Saturday, October 26, 2013

Hunter's Moon Score Trail 2013

Here are all the scores and artwork from the Score Trail. I will post about the other art separately. It was a lot of fun doing the Score Trail. I worked together with my sister, Jennifer Walshe. We asked composers to send us text or graphic scores to display in shop windows. We then sent artists one score each and asked them to make a work in response to it. I loved getting emails and packages in the post containing some really awesome work! 

Here is the map above and a link to a pdf of all of the work if you would like to see the originals. Click on any images to embiggen.

Below I've put some pictures up of all the work in situ. We printed out labels with QR codes that people with smart phones could scan which would take them to sites about the composers/artists and in particular to performances of the pieces where possible.

Istvan Zelenka sent us these thoughtful text scores (above) to which Sandra Lulei responded with layered and embroidered drawings below:

 Pictured above is one of Amnon Wolman's graphic scores (left) with Felicity Ford's postcard-sized scores in response. I love how Felicity tries to untangle the mystery of the image in Amnon's score with her descriptions of different actions involving knitting needles, matches, pins and combs.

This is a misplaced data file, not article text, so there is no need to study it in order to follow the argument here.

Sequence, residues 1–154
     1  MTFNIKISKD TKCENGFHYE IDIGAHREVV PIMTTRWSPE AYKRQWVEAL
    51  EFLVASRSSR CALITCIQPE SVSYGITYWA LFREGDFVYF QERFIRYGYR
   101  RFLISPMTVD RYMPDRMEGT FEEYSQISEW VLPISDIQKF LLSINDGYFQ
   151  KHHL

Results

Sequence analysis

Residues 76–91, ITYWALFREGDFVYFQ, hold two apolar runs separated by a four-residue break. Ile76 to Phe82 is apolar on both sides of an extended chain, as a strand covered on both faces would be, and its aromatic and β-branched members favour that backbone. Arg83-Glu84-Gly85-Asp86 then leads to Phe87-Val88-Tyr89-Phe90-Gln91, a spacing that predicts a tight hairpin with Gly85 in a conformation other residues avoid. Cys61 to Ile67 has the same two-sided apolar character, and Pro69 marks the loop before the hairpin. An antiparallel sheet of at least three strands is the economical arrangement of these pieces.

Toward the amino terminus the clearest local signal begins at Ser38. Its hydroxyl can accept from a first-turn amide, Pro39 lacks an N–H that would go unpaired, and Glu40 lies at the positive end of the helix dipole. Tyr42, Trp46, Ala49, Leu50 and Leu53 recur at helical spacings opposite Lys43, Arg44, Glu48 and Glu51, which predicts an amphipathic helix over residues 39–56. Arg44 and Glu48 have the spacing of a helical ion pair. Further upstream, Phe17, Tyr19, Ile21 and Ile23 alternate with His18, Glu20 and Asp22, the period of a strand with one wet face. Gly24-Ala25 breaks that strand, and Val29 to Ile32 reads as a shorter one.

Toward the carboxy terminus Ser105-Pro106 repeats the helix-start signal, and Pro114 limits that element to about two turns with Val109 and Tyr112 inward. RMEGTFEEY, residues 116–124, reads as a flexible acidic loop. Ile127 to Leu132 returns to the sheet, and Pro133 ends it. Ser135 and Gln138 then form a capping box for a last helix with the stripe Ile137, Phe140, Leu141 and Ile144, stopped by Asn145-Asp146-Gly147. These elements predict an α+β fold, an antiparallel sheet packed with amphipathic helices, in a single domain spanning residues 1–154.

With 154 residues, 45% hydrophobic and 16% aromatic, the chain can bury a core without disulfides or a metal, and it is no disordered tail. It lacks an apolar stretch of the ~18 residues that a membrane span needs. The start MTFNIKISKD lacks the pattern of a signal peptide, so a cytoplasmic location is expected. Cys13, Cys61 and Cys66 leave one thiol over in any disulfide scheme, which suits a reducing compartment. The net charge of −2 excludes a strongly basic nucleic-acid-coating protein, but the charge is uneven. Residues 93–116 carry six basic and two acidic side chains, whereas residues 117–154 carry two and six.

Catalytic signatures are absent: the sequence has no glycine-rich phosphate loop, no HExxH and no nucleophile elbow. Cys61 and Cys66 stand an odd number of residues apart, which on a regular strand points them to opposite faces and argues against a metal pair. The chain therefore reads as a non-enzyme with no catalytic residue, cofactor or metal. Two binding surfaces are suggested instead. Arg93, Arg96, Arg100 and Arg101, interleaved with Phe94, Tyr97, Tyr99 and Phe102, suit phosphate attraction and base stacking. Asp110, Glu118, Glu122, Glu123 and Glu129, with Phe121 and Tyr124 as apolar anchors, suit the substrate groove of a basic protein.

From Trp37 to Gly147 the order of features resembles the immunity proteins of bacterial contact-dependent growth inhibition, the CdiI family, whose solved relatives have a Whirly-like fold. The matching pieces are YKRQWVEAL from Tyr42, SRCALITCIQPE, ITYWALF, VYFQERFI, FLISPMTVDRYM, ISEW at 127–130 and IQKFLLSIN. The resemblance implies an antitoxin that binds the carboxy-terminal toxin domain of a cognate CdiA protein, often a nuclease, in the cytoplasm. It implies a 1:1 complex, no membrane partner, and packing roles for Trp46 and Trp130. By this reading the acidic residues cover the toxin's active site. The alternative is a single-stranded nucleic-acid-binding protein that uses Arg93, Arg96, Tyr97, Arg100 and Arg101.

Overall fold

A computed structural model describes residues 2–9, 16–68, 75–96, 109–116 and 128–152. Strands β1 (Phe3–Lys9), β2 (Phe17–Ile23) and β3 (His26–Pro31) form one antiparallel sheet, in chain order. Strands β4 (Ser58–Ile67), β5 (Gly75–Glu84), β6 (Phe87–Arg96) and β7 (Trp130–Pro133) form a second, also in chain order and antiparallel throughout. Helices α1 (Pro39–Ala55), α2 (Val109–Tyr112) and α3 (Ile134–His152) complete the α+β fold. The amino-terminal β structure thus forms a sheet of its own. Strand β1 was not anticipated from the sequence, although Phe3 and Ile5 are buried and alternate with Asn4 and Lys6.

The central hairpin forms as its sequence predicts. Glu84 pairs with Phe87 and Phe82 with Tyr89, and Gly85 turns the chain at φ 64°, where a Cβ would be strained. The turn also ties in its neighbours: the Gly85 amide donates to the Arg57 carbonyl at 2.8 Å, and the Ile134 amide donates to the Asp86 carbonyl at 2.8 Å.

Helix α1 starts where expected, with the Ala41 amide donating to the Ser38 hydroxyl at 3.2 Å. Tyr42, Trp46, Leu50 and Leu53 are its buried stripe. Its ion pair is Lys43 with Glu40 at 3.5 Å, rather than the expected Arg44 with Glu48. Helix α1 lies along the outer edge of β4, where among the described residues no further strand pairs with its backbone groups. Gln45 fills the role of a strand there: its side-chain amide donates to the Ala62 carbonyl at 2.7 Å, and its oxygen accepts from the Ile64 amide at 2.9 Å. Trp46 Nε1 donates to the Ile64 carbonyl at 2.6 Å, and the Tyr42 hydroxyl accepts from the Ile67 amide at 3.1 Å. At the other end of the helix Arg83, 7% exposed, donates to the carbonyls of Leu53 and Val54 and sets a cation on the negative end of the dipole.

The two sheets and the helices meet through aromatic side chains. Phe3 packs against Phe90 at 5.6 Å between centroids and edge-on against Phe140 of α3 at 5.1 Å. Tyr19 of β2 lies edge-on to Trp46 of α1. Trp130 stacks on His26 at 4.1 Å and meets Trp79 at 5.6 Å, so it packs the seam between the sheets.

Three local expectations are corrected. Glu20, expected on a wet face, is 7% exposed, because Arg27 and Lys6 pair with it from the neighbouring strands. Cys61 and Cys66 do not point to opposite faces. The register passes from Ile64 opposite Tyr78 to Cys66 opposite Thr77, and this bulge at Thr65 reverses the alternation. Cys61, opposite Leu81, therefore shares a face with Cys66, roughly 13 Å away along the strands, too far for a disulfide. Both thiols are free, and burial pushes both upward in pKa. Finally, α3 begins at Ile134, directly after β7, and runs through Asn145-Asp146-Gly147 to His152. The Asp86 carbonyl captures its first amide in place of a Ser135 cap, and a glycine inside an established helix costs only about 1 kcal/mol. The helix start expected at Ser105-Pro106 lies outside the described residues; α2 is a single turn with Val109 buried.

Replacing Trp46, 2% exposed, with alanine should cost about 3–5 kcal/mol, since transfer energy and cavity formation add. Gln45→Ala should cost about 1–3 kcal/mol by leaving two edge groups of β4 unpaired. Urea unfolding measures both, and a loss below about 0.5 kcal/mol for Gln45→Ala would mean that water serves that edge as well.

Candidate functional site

Karen Power sent us an excerpt from her score armed only with nuts.

 James Saunders made a piece especially for the festival - location composite #4 - which is hidden inside a book in one of the bookshops. Festival-goers are invited to write the sounds they hear on sheets of paper hidden in the book. The resultant score will hopefully be performed over the weekend.

My own work gave people a chance to create their own score to take home or leave on the wall.

Jennifer Walshe's score was printed on a t-shirt and hung in a charity shop window. We may see it on Sunday being worn by a Carrick on Shannon farmer, having been accidentally purchased from the shop.

 Paul McGuire's score Underpass Anxiety was presented...well, in an underpass aptly enough...

 Danny McCarthy made this beautiful book for the festival, which we will be turning the pages of each day.

Anton Lukoszevieze sent us a score based on what looks like an image of a Russian circuit board called Music for Orchestra.

Joe Kudirka sent us some delicate and beautifully textured sheets of handmade paper - there are all sorts of interesting material in them - hair, foil, etc.

Anthony Kelly made this score for us. I like how he allows the performer to choose their own way to interpret his image.

Travis Just sent us his score Basketball Duo, for two performers with basketballs, which Gavin Porter made a print in response to. I really like how these two work together.

John Godfrey sent us a score called Tinting Study. It is quite a subtle visual work as well as being an interesting score.

Tomomi Adachi sent a bold graphic score for piano and two graters. (I'm thinking this didn't work out too good for the piano.) I like how Vicky Langan responded, using a grater on cardboard and a piano string to create her sculptural piece.